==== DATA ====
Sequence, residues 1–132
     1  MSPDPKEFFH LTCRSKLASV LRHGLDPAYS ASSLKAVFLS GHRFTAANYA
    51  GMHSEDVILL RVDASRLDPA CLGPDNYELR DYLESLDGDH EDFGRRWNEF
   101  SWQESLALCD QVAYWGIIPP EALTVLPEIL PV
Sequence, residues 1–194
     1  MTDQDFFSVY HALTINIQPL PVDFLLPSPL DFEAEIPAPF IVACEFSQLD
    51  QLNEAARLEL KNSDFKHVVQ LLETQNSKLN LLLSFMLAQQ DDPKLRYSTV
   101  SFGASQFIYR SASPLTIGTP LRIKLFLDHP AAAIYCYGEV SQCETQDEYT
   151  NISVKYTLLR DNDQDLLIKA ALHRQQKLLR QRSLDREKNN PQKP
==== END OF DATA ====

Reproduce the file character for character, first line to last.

Sequence, residues 1–132
     1  MSPDPKEFFH LTCRSKLASV LRHGLDPAYS ASSLKAVFLS GHRFTAANYA
    51  GMHSEDVILL RVDASRLDPA CLGPDNYELR DYLESLDGDH EDFGRRWNEF
   101  SWQESLALCD QVAYWGIIPP EALTVLPEIL PV
Sequence, residues 1–194
     1  MTDQDFFSVY HALTINIQPL PVDFLLPSPL DFEAEIPAPF IVACEFSQLD
    51  QLNEAARLEL KNSDFKHVVQ LLETQNSKLN LLLSFMLAQQ DDPKLRYSTV
   101  SFGASQFIYR SASPLTIGTP LRIKLFLDHP AAAIYCYGEV SQCETQDEYT
   151  NISVKYTLLR DNDQDLLIKA ALHRQQKLLR QRSLDREKNN PQKP